Business Overview

If your looking for a business that is fully staffed and PROFITABLE This is a MUST SEE business. Here is an opportunity to step into a business that has been growing year over year. It is fully staffed with experienced employees. A client list that keeps growing and returning. Here it is The seller is simply ready to retire. Located in the heart of a growing and community. With great opportunity to expand thru ought central Virginia


  • Asking Price: $310,000
  • Cash Flow: $149,000
  • Gross Revenue: $585,000
  • FF&E: $60,000
  • Inventory: $80,000
  • Inventory Included: Yes
  • Established: 2006

Detailed Information

  • Property Owned or Leased:Own
  • Property Included:N/A
  • Building Square Footage:2,200
  • Lot Size:N/A
  • Total Number of Employees:5
  • Furniture, Fixtures and Equipment:N/A
About The Facility:

This is a location of 2,200 square feet. Seller is active in the business with 4 FT employees and 1 PT employee. Hours of operation are 9 AM to 5 PM, Monday - Friday. $80,000 in Inventory and $60,000 in FF&E included in Asking Price. $20,000 made in Leasehold Improvements. And has additional Parking

Is Support & Training Included:

6 Months, 20 hours per week

Purpose For Selling:


Pros and Cons:

This business has a long reputation for fabrication and installation high quality countertops and has the space and access to expand into hard surface tops as well

Opportunities and Growth:

Located in an area of constant growth and construction, The only full service top manufacturing in the area

Additional Info

The venture was established in 2006, making the business 16 years old.
The transaction does include inventory valued at $80,000, which is included in the suggested price.

The company has 5 employees and is located in a building with estimated square footage of 2,200 sq ft.

Why is the Current Owner Selling The Business?

There are all kinds of reasons why individuals resolve to sell companies. Nevertheless, the real reason and the one they tell you may be 2 entirely different things. As an example, they may claim "I have way too many various commitments" or "I am retiring". For lots of sellers, these factors are valid. However, for some, these may simply be excuses to attempt to conceal the reality of transforming demographics, increased competitors, recent reduction in revenues, or an array of other reasons. This is why it is very important that you not rely entirely on a seller's word, yet instead, use the vendor's solution together with your general due diligence. This will paint a much more realistic picture of the business's present circumstance.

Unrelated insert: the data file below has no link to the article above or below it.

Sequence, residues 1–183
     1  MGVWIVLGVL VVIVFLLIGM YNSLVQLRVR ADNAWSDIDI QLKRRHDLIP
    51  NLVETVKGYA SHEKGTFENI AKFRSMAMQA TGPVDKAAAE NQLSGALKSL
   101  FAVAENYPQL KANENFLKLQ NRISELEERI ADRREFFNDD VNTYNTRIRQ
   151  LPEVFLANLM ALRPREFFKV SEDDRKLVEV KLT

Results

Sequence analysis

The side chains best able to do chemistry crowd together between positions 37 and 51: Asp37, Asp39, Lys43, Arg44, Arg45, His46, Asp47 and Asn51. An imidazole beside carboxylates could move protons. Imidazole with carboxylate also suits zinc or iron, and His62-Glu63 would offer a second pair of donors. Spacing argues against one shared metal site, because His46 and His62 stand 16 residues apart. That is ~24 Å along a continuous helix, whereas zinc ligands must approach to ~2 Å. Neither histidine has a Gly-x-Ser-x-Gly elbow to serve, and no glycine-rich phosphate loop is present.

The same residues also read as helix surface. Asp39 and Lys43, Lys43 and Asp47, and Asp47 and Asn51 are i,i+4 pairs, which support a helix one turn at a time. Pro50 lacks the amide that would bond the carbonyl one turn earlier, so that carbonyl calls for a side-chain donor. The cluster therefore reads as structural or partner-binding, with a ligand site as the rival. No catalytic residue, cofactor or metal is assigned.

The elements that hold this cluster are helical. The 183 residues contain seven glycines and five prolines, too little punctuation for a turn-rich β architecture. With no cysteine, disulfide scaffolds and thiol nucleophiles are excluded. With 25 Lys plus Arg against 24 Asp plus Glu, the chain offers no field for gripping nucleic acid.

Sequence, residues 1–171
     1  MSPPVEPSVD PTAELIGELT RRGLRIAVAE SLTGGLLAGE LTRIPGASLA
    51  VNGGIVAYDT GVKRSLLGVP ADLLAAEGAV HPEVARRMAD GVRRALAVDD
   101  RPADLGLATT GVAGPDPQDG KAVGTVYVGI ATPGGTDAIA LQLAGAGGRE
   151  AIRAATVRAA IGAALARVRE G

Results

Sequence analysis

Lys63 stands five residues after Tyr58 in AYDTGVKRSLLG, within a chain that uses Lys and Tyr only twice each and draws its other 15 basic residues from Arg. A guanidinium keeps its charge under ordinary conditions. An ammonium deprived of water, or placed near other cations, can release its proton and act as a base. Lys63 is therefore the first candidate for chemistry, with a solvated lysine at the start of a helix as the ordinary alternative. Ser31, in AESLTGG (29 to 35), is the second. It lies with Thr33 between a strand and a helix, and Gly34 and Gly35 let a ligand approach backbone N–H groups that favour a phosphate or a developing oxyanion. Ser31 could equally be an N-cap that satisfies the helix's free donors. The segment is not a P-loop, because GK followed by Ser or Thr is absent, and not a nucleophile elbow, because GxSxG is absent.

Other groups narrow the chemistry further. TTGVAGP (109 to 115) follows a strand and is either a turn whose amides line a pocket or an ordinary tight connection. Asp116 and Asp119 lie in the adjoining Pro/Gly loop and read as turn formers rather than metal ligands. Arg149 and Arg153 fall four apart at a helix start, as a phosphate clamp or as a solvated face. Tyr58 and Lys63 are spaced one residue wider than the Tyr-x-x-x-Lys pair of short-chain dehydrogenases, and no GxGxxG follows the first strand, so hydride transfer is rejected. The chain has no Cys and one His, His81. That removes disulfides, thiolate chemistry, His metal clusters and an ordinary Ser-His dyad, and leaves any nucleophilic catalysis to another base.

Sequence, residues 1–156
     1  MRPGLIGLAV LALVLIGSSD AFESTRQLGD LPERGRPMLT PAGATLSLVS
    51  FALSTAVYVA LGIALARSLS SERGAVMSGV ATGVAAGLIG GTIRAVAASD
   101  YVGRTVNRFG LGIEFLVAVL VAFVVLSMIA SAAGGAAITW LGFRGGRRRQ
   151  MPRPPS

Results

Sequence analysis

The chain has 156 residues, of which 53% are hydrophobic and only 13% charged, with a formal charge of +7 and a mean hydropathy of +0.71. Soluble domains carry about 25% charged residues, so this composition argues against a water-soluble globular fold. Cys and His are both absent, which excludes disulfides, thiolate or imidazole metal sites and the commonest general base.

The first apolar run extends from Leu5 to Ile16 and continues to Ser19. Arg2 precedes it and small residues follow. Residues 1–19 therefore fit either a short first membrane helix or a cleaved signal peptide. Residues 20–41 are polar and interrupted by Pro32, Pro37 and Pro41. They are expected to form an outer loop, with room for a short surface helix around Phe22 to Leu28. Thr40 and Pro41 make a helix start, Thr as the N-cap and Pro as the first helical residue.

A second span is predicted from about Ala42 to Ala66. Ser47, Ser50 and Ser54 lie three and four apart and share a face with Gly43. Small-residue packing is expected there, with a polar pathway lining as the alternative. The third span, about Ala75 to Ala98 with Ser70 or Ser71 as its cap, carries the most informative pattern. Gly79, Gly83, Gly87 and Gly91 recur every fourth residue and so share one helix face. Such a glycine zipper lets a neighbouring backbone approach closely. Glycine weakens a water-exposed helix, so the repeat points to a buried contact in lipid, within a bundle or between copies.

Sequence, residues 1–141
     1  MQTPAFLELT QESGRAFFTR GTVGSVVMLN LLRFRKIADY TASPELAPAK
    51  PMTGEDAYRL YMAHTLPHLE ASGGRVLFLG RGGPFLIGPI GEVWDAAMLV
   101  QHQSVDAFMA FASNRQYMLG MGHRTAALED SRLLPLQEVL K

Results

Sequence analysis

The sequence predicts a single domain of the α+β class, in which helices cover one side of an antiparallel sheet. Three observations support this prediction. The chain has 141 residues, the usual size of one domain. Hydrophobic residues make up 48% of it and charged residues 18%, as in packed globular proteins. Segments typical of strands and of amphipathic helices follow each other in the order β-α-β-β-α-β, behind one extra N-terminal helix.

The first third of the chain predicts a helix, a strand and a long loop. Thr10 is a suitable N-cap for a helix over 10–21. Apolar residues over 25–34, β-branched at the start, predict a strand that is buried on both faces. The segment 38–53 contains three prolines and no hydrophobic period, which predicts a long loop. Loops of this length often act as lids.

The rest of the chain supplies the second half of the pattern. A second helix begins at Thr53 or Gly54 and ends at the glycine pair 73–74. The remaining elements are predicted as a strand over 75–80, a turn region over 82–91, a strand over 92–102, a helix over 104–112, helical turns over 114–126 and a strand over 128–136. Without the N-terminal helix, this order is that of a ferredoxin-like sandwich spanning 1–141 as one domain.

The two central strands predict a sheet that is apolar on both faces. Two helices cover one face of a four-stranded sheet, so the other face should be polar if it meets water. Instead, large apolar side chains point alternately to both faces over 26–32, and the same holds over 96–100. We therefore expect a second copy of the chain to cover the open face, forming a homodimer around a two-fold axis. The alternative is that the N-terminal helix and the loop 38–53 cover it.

Existing Debts and Future Obligations

If the existing entity is in debt, which numerous businesses are, then you will certainly need to consider this when valuating/preparing your deal. Many companies borrow money in order to cover points like stock, payroll, accounts payable, and so on. Keep in mind that in some cases this can indicate that earnings margins are too small. Numerous businesses fall under a revolving door of taking on debt as a way to pay back other loans. Along with debts, there may additionally be future commitments to consider. There might be an outstanding lease on equipment or the building where the business resides. The business may have existing agreements with vendors that should be met or might lead to penalties if terminated early.

Understanding the Customer Base, Competition and Area Demographics

How do businesses in the location bring in brand-new clients? Many times, businesses have repeat consumers, which form the core of their everyday profits. Certain aspects such as brand-new competition sprouting up around the location, roadway building and construction, and personnel turn over can impact repeat consumers and negatively affect future earnings. One important thing to think about is the placement of the business. Is it in an extremely trafficked shopping center, or is it hidden from the main road? Clearly, the more people that see the business on a regular basis, the greater the possibility to develop a returning client base. A final idea is the general location demographics. Is the business situated in a largely inhabited city, or is it situated on the edge of town? Just how might the neighborhood average home income impact future earnings potential?